New York to Adopt a Uniform Bar Exam Used in 15 Other States
New York State will begin using a standard bar examination given in 15 other states next summer, making it the largest state so far to adopt what amounts to a national credential for lawyers, the state’s chief judge, Jonathan Lippman, announced on Tuesday.
While other states already use the test, the so-called Uniform Bar Examination, Judge Lippman said in an interview that he expected the move by New York to result in a “domino effect” with the remaining states, given New York’s prominence in the legal world.
Missouri, in 2011, was the first to offer the uniform test, but the nation’s most populous states — California, Texas and Florida — still run state-specific bar exams.
“When I first started hearing about it, I think I had the natural reaction, which is, ‘Gee, but we’re New York,’ ” Judge Lippman said. “While I hope we’re not being parochial, we certainly have always viewed New York as the gold standard in terms of the profession of law.”
However, he said, he changed his mind as he considered that lawyers now often relocate, or handle cases involving multiple states or countries. Judge Lippman also noted, in his remarks as prepared for the speech, given on Tuesday in Albany, that “employment prospects for recent graduates are still grim” and that law-school enrollment in New York had dropped 23 percent since 2010. The universal exam allows for better job prospects because it offers more flexibility, he said.
“We recognize it’s a global world and there has to be portability with the law license around the country,” Judge Lippman said in an interview. “We think we would be sticking our heads in the sand if we don’t realize the practice of law doesn’t stop at state lines.”
The New York State Court of Appeals, the state’s highest court, approved the change in closed session last week.
In his speech, the chief judge said adopting the uniform exam “is a huge step towards a national, uniform bar exam for the entire country,” which he characterized as “not only desirable but necessary for the mobile, interconnected society in which we live.”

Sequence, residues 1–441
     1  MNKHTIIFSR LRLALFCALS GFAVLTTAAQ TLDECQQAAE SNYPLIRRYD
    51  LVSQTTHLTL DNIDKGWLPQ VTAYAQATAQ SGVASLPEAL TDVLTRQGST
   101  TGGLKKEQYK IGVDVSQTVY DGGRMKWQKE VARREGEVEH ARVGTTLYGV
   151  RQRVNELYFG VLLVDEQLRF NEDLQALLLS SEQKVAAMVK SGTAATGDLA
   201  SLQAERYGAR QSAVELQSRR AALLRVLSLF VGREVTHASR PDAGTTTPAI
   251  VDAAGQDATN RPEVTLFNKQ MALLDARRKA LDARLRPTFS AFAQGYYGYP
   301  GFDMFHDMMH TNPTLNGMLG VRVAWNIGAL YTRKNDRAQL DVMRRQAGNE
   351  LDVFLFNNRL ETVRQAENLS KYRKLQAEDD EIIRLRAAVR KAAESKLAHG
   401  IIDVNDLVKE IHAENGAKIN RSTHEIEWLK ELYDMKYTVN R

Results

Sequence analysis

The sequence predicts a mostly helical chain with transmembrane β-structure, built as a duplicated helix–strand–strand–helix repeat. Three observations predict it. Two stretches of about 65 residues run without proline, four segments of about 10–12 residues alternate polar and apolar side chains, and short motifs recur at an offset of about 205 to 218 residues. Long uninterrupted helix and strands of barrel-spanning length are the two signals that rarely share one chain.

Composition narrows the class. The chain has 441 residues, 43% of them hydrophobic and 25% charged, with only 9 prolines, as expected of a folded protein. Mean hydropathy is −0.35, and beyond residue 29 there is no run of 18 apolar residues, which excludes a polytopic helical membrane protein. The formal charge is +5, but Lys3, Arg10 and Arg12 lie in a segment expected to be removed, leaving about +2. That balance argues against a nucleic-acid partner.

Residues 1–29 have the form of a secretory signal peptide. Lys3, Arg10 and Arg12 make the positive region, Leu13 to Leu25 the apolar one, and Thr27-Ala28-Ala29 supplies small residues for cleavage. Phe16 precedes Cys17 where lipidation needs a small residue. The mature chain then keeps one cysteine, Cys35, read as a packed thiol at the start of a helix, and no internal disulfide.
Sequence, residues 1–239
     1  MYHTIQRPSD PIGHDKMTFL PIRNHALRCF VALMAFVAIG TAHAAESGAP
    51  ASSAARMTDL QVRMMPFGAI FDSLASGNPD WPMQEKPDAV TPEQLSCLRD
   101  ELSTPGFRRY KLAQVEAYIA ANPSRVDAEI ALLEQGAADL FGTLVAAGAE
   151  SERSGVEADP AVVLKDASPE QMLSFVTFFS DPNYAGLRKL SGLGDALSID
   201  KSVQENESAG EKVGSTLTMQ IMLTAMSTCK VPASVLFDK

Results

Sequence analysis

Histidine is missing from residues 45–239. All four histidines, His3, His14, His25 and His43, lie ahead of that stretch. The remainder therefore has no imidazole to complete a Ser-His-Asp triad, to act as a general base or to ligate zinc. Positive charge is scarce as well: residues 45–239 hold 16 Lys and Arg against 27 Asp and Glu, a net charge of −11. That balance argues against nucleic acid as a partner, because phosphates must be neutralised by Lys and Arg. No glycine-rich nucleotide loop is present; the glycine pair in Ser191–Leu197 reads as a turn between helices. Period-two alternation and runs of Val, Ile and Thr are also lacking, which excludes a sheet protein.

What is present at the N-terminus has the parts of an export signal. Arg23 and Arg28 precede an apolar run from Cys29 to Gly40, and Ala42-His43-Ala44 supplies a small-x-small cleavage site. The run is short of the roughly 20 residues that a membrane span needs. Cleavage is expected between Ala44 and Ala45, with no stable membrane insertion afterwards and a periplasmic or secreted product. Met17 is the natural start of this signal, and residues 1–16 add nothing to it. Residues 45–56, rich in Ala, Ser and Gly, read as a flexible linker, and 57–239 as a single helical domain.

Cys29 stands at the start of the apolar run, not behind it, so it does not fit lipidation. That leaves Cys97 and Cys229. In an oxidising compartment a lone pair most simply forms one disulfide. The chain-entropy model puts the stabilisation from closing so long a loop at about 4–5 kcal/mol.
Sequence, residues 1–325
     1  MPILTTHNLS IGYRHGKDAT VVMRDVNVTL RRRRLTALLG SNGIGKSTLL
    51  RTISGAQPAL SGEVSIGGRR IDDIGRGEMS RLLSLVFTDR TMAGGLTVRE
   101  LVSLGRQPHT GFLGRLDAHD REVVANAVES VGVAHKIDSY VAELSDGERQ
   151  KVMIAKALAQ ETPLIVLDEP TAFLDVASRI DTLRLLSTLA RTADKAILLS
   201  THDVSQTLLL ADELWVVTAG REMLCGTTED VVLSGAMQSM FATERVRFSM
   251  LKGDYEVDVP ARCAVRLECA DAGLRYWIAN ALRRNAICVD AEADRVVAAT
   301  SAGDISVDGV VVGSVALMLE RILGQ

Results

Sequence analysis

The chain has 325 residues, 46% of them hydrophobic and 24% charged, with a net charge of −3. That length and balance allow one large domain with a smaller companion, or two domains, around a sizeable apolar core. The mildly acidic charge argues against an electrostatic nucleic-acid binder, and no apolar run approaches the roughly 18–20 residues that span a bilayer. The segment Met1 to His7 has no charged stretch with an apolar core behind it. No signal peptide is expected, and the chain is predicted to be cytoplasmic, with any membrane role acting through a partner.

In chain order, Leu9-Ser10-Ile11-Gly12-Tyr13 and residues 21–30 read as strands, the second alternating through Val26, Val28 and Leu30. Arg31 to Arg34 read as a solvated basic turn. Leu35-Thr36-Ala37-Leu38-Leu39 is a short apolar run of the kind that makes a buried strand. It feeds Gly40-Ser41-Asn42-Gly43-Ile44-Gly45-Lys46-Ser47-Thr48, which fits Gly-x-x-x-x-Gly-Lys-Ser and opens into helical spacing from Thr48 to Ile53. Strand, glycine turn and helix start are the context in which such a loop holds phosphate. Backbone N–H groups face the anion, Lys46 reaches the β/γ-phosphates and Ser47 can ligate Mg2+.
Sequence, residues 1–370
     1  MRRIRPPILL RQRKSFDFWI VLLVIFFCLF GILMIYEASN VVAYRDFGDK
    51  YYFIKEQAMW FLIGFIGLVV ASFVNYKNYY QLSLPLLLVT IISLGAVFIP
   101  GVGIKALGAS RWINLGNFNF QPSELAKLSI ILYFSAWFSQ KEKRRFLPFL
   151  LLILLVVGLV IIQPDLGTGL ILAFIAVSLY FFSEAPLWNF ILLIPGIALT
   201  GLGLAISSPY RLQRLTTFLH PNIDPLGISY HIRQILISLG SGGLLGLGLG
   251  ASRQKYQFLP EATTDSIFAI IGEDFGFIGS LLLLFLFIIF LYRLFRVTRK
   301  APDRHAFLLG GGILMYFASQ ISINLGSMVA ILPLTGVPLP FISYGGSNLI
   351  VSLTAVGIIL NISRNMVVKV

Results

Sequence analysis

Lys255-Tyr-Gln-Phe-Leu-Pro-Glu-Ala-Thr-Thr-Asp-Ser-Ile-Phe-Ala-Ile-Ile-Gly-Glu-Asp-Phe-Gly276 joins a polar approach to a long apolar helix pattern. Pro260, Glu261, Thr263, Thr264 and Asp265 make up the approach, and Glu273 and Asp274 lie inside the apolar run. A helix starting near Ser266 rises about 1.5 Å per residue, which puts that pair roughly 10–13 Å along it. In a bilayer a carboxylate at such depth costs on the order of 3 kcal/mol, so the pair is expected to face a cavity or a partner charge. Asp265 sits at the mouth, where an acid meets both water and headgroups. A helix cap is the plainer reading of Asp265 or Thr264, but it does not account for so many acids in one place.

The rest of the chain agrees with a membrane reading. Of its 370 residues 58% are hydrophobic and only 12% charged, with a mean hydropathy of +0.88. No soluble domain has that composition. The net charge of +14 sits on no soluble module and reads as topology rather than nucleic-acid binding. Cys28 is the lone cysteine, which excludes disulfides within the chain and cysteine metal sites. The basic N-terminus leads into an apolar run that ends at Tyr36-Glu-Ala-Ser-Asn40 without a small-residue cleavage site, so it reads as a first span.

To practice in New York State, new lawyers will have to pass the uniform exam, which includes questions about general principles of law. They will also be required to take an online course on New York State law, showing “hours of videotaped lectures” on the topic, and pass a shorter multiple-choice exam. “We don’t think it’s necessary to test New York law on the bar exam itself anymore,” Judge Lippman said.
Erica Moeser, president of the National Conference of Bar Examiners, which developed the uniform exam, said such adjustments had made other states more comfortable with the uniform exam.
“There’s a very sincere belief that every state’s law is different and if we don’t maintain a local element somehow, something will be lost in licensing,” she said. In about half of the 15 states that had adopted the exam, she said, they “have figured out a way to address the ‘state law significant distinction’ issue by online programming or online tests.”
The current New York exam includes about 200 questions from a different test known as the multistate bar exam, also devised by the National Conference of Bar Examiners. That is worth 40 percent of the score. Then the student must complete five essays on New York State law, worth another 40 percent, and answer 50 multiple-choice questions on New York law worth 10 percent. Finally, there is a multiple state performance test worth another 10 percent.
Under the new plan, one day will still be devoted to the 200-question multistate bar exam. The first day of testing, though, will have six essays and two “lawyering skills tasks” created by the National Conference of Bar Examiners, with no testing on “unique distinctions in New York law.”
Jenny Rivera, an associate judge on the New York Court of Appeals and chairwoman of the advisory committee on the uniform bar exam, said the two performance tasks on the uniform test were a welcome shift away from heavily standardized tests.
“It’s basically a file that’s provided to a test-taker, and they have to do an exercise that a lawyer would do — write a memo, write a letter to the client,” she said. “There will be more assessment of those kinds of lawyering skills.”
For students, said Matthew Diller, dean of the Cardozo School of Law at Yeshiva University, the move will probably be welcome.
“They’ve accepted it as a given that it’s a drag to have to prepare for multiple bar exams,” Mr. Diller said. “The prospect that they may not have to do that anymore is one that I think students will find very attractive.” He added, “To have a more coordinated system of licensing in the legal profession around the country makes a lot of sense.”
Glenn Lau-Kee, president of the New York State Bar Association, said his central question would be “how prepared are new lawyers to practice law in New York, both for the protection of the profession and the public,” after the new test is put into effect.
Source: New York Times